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Chamber of Shipping embarks on local content enforcement

By Gloria Ehiaghe   |   10 May 2017   |   4:01 am

PHOTO: Tonye Bakare

• Pursues disbursement of accumulated cabotage fund
As part of efforts to correct the imbalances in local participation in the country, the Nigerian Chamber of Shipping (NCS), has vowed to engage the Nigerian Content Development and Monitoring Board (NCDMB), and other relevant government agencies to stage a sustained advocacy to address the challenges mitigating local content enforcement.

The newly elected President of NCS, Andrew Isichei, stated this during the inauguration of the Governing Council, and his investiture as the sixth president of the body.

Records showed that 85 per cent of vessels operating in the Nigerian market are owned by foreigners, and a reasonable quantum of the balance 15 per cent is also owned by foreign interests, who merely incorporated their companies in Nigeria and crew and staff are mainly foreign-dominated.

Against this backdrop, Isichei noted that plans are underway to borrow a leaf from the Angolan model of local content enforcement to tackle the issue of unemployment especially for Nigerian seafarers are who are yet to garner freight experiences onboard vessels.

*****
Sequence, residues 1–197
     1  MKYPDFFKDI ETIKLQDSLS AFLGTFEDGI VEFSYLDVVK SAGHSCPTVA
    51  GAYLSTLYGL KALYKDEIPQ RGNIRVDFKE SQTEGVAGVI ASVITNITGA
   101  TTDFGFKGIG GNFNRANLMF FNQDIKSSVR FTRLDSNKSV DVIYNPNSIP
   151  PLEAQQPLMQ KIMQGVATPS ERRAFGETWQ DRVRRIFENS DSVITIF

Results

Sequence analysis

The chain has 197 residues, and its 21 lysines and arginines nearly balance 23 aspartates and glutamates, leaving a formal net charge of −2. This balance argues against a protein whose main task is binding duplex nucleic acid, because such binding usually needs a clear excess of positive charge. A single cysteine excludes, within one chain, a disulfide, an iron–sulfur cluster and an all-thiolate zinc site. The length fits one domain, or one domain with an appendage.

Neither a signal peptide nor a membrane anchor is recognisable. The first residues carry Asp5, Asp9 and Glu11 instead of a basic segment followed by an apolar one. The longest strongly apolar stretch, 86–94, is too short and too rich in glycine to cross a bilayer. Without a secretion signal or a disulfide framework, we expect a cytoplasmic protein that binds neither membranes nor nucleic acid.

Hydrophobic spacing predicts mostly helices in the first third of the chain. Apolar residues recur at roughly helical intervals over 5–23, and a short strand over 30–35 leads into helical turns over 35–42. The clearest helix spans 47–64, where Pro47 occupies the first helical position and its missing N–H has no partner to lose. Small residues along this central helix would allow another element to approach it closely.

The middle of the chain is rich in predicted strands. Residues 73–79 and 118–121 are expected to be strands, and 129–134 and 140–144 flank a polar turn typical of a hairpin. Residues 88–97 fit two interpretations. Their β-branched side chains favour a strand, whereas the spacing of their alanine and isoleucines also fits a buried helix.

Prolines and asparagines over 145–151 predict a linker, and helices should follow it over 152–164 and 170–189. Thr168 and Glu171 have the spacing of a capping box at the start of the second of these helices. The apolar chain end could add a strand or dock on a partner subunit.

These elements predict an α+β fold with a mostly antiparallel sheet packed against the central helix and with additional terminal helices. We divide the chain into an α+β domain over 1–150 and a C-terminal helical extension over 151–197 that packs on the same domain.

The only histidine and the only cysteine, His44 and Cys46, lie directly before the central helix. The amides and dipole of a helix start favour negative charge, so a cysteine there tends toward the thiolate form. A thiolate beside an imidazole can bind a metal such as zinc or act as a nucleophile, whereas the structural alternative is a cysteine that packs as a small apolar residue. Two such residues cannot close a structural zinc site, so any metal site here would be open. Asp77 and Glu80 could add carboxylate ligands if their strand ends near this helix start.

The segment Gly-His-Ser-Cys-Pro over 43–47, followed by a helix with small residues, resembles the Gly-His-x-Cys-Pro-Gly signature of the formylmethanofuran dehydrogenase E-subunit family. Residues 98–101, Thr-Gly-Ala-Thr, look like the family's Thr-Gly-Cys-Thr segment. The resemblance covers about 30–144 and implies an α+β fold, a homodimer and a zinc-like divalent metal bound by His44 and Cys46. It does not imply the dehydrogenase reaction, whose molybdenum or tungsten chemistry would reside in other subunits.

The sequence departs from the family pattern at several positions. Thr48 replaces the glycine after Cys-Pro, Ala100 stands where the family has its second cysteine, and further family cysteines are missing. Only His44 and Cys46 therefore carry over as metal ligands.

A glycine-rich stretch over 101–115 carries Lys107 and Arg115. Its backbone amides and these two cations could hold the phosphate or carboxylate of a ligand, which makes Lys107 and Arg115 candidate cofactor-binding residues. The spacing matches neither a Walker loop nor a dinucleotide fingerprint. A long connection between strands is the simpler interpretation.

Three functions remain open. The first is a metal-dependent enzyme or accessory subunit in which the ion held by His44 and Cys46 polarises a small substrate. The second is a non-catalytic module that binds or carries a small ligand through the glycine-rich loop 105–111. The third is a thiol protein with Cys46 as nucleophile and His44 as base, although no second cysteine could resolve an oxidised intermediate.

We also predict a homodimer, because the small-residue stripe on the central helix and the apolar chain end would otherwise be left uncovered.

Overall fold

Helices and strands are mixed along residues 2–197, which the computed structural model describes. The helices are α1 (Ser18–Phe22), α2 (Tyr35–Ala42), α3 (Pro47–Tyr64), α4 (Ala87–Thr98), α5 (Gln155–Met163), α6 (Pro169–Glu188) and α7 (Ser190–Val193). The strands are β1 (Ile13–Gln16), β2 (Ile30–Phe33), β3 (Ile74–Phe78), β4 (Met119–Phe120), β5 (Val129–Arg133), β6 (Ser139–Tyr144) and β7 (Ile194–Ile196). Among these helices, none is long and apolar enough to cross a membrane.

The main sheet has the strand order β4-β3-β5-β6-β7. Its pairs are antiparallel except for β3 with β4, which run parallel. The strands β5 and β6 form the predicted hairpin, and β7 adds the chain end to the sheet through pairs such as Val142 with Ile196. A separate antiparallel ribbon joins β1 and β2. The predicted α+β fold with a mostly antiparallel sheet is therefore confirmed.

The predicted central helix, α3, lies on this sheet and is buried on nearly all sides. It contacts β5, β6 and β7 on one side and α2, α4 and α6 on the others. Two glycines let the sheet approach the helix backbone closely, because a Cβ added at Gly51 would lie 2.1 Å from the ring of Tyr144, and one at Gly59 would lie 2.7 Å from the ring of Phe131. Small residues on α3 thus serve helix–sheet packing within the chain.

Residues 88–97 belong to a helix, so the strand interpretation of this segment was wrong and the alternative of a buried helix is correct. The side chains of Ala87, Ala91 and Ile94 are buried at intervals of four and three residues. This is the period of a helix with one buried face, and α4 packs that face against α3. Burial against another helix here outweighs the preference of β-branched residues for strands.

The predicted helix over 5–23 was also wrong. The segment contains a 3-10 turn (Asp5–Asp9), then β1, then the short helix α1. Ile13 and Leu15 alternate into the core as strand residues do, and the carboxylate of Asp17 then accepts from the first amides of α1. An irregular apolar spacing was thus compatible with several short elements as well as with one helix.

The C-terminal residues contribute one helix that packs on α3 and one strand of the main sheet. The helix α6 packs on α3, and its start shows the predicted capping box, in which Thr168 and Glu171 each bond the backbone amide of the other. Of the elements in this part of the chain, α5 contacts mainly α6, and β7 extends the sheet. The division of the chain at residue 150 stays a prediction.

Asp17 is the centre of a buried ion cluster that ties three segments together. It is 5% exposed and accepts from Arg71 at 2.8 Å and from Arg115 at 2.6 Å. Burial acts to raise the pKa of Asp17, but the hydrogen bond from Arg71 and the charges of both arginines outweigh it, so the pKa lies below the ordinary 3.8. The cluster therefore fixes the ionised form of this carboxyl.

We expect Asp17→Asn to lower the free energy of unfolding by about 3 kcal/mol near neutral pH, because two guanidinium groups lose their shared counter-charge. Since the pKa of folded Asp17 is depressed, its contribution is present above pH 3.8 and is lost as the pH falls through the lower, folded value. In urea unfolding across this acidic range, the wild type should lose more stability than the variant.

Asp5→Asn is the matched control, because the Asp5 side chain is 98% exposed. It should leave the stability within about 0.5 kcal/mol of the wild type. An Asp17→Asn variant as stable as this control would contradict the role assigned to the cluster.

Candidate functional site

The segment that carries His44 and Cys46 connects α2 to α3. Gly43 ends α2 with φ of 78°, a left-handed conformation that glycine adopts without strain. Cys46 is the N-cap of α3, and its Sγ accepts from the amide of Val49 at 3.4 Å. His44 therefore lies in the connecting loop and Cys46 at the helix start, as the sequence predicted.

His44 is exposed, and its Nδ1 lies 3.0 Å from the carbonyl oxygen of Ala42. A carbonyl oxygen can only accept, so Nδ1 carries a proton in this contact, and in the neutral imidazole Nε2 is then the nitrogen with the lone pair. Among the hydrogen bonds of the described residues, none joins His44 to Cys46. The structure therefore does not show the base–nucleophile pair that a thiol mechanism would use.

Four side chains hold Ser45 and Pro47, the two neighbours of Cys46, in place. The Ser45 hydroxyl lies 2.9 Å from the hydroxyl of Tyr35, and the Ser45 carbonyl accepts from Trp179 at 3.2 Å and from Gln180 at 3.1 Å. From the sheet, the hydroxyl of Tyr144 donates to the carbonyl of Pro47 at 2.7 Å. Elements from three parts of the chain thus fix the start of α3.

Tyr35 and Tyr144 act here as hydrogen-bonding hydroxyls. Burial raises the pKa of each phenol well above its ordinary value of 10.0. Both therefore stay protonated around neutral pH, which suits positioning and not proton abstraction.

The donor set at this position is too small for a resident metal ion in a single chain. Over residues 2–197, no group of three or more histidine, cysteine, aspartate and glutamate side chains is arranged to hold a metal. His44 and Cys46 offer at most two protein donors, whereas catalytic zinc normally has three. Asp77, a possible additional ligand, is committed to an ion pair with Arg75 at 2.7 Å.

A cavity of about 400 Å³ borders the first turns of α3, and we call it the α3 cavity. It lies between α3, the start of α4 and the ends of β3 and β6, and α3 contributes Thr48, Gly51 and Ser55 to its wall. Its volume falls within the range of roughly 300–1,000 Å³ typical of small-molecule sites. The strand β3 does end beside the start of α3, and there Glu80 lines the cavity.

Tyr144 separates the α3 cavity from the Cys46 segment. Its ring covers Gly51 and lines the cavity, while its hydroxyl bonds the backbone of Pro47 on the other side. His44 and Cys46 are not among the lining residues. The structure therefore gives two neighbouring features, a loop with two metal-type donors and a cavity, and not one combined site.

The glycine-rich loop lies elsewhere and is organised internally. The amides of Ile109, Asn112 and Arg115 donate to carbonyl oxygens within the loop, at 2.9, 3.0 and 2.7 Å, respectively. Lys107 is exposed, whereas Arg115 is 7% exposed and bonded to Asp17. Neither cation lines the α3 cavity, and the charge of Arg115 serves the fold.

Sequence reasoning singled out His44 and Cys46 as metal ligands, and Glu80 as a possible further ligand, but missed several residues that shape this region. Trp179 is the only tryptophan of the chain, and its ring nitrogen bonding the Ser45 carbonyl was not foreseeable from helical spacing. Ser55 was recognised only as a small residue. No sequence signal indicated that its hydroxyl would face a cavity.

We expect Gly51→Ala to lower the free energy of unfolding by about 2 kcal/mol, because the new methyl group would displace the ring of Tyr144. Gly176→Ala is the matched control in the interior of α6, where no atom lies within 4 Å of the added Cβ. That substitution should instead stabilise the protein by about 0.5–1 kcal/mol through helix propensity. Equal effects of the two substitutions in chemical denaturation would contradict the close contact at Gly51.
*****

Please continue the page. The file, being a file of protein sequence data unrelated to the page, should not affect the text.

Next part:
Disclosing the focus and roadmap for the chamber, he promised to ensure full implementation of the Cabotage Act, adding that the accumulated Cabotage Vessel Financing Fund (CVFF), would be deployed and disbursed to serious minded practitioners.

Isichei said: “On the issue of ship finance, businesses come but if you do have ship you cannot do that. Without fund we cannot afford ship, we have the CVFF accumulating and not being deployed, we will engage, talk and push to see how these monies that have accumulated will be disbursed to very serious minded practitioners. Just like cabotage, the issue is not just penalising and making money. The objective is not to make money; the objective is for it to impact positively, for there to be engagement and skill. These are the issues we need to deal with”.

No matter the mistakes that have been made in the past on the usage on disbursement of the funds, there is a time we need to drop the past behind and move forward. There is a lot to be done.”

He further said: “There are several conventions and policies, which though have been ratified but are not been domesticated or fully implemented by Nigeria.
In his valedictory speech, the outgone President of the NCS, Adebayo Sarumi, who commended the Governing Council in bringing in expertise to solving issues in the shipping trade, called on relevant government agencies and those in shipping business to support the chamber and also take advantage of all it has to offer.

Corroborating Isichei’s quest for the country to own training vessels for cadets, Vice President of the NCS, Tijani Ramalan, told the gathering that the high cost of training over 2000 seafarers overseas by NIMASA is quite enormous.




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